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Indigenous footy’s come a long way: Andy Lovell

There hasn’t been an Indigenous AFL coach since Barry Cable in 1984, but if there were a betting market offering punters the chance to pick the next one, Andy Lovell would likely be a market leader.

“Outside of myself and Roger Hayden, who’s a development coach at Freo, I don’t think there’ve even been any Indigenous coaches in the AFL system recently,” Lovell told this week.

“Why that’s the case? I’m not sure.”

“I don’t think you wake up one day and go, ‘you know what? I’m ready” – Andy Lovell on the prospect of being a senior coach

Asked whether he’s got his eye on a senior coaching role, the former rover who played 164 games for Melbourne and West Coast – and now works as an assistant coach at Gold Coast – says it’s not something he’s actively pursuing.

“Of course it’s something I’d love to do if given the opportunity, there’s no doubt about that.

“You daydream at times and see yourself in the role, if the opportunity ever came up. I’m not seeking it though. If it happens, it happens.”

For the moment, Lovell’s focus is on playing his part in the Suns’ coaching line-up, and ensuring he continues to learn and develop.

“I don’t think you wake up one day and go, ‘you know what? I’m ready [to be a senior coach]’. For me, it’s about experiences – everyday experiences. The longer you spend in the game, experiencing different scenarios and situations, the better prepared you are.

“It’s obviously great working with ‘Rocket’ Eade, who’s got an enormous amount of experience. I’m learning a hell of a lot off him.”

Lovett also learned a lot coaching the Indigenous All-Stars in their exhibition match against West Coast prior to the 2015 AFL season. Those learnings extended beyond the footy field.

“Every time you coach a game of footy, you learn. But the real learning for me came from the fact that it was the first time I’d actually been at an Indigenous Camp.

“For me, it was a great chance to see the level of commitment the boys had to their Indigenous backgrounds. A lot of them vary, from where they came from, but their commitment to each other – throughout the entire week – was a real eye-opener for me.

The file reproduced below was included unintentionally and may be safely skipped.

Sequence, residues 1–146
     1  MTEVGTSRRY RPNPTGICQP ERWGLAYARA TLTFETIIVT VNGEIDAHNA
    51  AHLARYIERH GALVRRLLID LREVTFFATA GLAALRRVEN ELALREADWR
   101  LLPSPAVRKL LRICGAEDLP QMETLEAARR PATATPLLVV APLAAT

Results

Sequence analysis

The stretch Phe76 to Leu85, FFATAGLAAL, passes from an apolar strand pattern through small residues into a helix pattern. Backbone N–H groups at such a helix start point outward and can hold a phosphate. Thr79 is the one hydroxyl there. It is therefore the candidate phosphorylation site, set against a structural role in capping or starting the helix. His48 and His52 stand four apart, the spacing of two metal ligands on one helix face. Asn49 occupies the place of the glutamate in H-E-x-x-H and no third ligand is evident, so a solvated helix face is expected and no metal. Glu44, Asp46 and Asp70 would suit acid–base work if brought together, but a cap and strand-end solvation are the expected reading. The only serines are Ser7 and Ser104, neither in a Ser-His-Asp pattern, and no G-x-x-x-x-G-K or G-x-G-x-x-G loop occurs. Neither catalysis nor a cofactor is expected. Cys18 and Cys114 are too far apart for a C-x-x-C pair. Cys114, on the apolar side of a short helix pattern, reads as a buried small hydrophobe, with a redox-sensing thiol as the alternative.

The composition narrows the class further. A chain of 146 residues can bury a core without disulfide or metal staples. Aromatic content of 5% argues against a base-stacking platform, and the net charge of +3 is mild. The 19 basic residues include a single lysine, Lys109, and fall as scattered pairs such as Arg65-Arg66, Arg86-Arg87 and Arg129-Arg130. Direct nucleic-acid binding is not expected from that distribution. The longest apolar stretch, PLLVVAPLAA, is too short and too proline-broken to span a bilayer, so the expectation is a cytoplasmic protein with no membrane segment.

“Their desire to affect some really positive change for Indigenous players in the competition – that was a real highlight for me. I learned a lot from the week.”

The coaching experience itself was fairly unique. Lovell was given just a handful of days to educate the All-Stars about how they were going to play together.

In between training and Lovell teaching the game-plan, the more senior figures in the playing group taught others about Indigenous culture and the demands of an AFL career.

“To see so many people at the game, Indigenous and non-Indigenous, rubbing shoulders and watching a great game of footy – that’s what it’s all about.” – Andy Lovell

“I got an opportunity to meet some outstanding people: Shaun Burgoyne – who I hadn’t really had much to do with, and who captained the team – and Adam Goodes, who obviously didn’t play but was a really strong influence throughout the entire week that we had over in Perth,” Lovell reflected.

“Those guys in particular were just outstanding in their leadership amongst the whole group.”

Throughout the entire week of Indigenous Camp, culture and footy were intertwined. Even Lovell’s pre-match address to his players focused on life beyond the football field.

It addressed “how far we’ve come as a nation, and how far we’ve come in AFL, to the point today where the Indigenous games are a real celebration,” Lovell reflected.

“It was really important for our players to recognise that, and see how powerful they can be in having an influence on Indigenous and non-Indigenous kids out there in the community.”

Asked which memory of the week in charge of the All-Stars was most vivid, Lovell thought back to the crowd of more than 10,000 that came out to watch the All Stars take on West Coast.

“To see so many people at the game, Indigenous and non-Indigenous, rubbing shoulders and watching a great game of footy – that’s what it’s all about.

“The ability football has to draw people together, irrespective of race, religion, all that sort of stuff… It’s so powerful that the game can allow different people to come together.”

Click here to see more video from Indigenous Camp, featuring Chad Wingard, Shaun Burgoyne and Adam Goodes